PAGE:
thus your exclusion set is #of 7digits of only 1 alphabet present...THUS YOU GOTTA FIGURE HOW MANY THERE ARE

Your solution will be #=TOTAL-Exlusion set.

lastly becareful how many times your exclusion set appears in the set of repetitions.

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- #10

Mithal

- 28

- 0

5^7

excluding five choices (a,a,a,a,a) or (b,b,b,b,b) ...five of them

then the answer = 5^7-5=78120 ways

I am sorry again I made mistake.I hope this time it is right

- #11

Brinx

- 70

- 1

If you mean you have to make a 5-number sequence when you have 7 different numbers to choose from for each position, you need to do (number of possibilities per position)^(number of positions). Subtract the illegal choices from that number, and you're done.

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- #12

neurocomp2003

- 1,366

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- #13

Mithal

- 28

- 0

neurocomp2003 said:

I think it is right because these five choices are the only non - permissable in the condition of the problem ( at least two allowed different digits ) suppose else (a,a,a,a,b) is included a,b are two different digits .

- #14

neurocomp2003

- 1,366

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- #15

Mithal

- 28

- 0

neurocomp2003 said:

It is 5 ^7 .Every time you have to make five choices for each digit of the seven digits .repetion is allowed .So in this way you cover all possibilities and then subtract the five cases that not allowed in the condition of the problem as I mentioned before .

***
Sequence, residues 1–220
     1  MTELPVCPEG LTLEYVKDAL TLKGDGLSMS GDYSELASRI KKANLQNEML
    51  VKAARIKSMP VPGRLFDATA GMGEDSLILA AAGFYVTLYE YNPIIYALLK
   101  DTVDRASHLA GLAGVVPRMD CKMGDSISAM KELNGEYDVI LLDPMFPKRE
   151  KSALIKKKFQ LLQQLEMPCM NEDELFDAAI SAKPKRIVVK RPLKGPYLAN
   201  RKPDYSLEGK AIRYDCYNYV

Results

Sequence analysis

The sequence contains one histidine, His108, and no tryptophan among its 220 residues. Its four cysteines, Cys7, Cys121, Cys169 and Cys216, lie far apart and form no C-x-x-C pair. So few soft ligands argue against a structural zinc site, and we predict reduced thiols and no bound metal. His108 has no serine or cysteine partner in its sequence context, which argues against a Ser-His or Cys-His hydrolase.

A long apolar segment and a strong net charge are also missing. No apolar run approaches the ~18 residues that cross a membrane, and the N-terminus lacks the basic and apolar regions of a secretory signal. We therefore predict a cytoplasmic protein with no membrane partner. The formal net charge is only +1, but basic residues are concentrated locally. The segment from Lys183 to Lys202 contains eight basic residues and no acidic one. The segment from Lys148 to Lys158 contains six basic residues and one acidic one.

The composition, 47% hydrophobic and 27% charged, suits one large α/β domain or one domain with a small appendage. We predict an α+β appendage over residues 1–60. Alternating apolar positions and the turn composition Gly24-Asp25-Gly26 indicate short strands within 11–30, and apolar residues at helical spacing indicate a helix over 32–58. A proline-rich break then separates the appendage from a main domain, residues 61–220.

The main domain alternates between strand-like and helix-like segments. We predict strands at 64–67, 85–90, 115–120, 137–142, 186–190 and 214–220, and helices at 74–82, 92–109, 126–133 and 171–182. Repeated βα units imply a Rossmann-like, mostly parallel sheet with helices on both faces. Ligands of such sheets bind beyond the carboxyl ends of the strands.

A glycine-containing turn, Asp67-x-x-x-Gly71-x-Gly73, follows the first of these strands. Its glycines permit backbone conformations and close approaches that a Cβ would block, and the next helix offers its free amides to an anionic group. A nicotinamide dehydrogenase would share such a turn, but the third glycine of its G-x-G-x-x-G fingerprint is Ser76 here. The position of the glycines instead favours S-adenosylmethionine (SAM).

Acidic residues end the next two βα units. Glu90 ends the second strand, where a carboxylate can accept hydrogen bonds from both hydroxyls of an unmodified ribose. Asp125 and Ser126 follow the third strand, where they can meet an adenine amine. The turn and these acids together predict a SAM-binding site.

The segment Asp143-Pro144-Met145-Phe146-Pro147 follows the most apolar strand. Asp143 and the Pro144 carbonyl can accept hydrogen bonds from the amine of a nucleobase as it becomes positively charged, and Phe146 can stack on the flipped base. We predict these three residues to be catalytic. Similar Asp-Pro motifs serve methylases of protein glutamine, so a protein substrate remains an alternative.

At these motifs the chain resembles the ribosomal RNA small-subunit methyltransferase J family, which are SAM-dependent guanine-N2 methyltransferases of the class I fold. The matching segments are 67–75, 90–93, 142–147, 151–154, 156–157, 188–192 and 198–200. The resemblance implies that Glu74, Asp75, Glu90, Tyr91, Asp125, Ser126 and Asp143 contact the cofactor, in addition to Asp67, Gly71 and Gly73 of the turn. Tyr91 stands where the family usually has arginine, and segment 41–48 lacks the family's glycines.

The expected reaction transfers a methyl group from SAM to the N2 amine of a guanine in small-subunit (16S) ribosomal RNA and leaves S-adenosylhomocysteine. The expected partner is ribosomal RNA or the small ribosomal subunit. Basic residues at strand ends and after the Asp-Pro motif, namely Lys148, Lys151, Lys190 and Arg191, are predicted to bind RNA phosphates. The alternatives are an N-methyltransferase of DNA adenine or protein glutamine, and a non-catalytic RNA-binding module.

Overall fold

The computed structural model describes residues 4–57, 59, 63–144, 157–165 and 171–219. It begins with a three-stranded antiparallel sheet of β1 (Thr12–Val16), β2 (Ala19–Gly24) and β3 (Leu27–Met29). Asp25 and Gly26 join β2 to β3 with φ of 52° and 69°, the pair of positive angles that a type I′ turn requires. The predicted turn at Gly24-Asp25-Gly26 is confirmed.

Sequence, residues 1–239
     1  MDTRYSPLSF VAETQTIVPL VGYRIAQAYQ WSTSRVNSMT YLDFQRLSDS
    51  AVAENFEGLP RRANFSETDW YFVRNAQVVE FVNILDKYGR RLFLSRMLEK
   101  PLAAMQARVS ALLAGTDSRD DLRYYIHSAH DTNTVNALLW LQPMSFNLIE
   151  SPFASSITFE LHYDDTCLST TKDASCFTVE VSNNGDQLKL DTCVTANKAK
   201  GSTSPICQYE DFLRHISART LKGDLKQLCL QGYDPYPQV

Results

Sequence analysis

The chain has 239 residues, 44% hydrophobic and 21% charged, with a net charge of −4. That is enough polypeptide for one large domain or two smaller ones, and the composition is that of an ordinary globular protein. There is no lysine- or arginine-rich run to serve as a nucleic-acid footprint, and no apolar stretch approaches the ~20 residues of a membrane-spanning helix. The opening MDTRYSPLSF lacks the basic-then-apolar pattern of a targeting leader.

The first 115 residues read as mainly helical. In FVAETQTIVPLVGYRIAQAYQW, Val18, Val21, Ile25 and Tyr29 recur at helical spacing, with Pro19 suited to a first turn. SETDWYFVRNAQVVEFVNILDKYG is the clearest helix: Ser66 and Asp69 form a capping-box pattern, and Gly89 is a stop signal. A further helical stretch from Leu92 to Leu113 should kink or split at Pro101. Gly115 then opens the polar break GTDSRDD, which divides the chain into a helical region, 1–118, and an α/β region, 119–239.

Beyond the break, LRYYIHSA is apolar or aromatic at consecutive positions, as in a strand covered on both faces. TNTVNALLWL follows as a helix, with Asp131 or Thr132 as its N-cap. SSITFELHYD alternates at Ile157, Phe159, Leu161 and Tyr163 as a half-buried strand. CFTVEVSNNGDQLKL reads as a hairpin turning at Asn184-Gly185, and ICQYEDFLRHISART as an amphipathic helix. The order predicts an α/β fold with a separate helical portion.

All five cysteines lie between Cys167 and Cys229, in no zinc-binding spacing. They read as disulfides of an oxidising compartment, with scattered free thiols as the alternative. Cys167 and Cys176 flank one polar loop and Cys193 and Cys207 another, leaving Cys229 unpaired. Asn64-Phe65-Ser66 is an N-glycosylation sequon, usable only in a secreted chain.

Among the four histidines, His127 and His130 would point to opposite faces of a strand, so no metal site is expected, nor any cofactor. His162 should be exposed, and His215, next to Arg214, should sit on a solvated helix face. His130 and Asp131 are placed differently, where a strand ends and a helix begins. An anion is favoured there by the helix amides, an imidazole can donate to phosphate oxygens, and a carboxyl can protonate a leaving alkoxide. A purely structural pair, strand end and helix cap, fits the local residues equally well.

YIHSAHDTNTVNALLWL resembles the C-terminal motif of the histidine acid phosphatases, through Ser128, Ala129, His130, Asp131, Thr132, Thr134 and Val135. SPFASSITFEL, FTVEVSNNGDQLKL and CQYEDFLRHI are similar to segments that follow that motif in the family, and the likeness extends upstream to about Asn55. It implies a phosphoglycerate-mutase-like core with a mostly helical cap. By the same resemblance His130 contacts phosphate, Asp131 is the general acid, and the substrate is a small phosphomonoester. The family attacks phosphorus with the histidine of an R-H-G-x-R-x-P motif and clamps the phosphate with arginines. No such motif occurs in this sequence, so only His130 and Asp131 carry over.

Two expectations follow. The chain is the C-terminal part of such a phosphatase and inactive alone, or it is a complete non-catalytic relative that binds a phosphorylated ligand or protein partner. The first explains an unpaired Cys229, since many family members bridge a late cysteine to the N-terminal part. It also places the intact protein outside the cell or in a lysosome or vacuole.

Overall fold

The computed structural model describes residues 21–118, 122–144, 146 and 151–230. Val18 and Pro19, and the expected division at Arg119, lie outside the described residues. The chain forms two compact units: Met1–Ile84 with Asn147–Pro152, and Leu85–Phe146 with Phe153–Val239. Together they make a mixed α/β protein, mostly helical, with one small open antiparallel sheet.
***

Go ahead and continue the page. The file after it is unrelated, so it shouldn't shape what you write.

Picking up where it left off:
- #16

neurocomp2003

- 1,366

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for examples in 3digit words 121 and 121 are a repetition but in 5^3 they are counted separatedly so 2x rather than 1x.

- #17

Mithal

- 28

- 0

I didn't mean repeation in the sense you are talking about . I mean if you choose 3 for the first digit then you can use 3 again for the second digit or the third or etc. or any other number . That mean once you choose that number for that digit you can repeat it again subsequently for other digits.You can visualize this if you draw a tree and consider different cases .neurocomp2003 said:

for examples in 3digit words 121 and 121 are a repetition but in 5^3 they are counted separatedly so 2x rather than 1x.

I also would like to point out to a small mistake I made with the notations

I assumed the five digits are (a , b , c ,d ,e ) and

I meant ( a , a ,a ,a ,a ,a ,a ) and not like in the solution

( a , a ,a ,a ,a ) since it is seven digit number not five and the same for the others . But this has no effects on the logic of the answer . All stay the same .

- #18

neurocomp2003

- 1,366

- 3

i understood what repetition you were talking about. However i was not refereing to the alphabet(5digits) but rather the word(7digit word)

THe repetition i was thinking of was an undirectional ordering question where

abc is the same cba. I realized i was wrong. and i apologize.

The question was referring to directional words.

THe repetition i was thinking of was an undirectional ordering question where

abc is the same cba. I realized i was wrong. and i apologize.

The question was referring to directional words.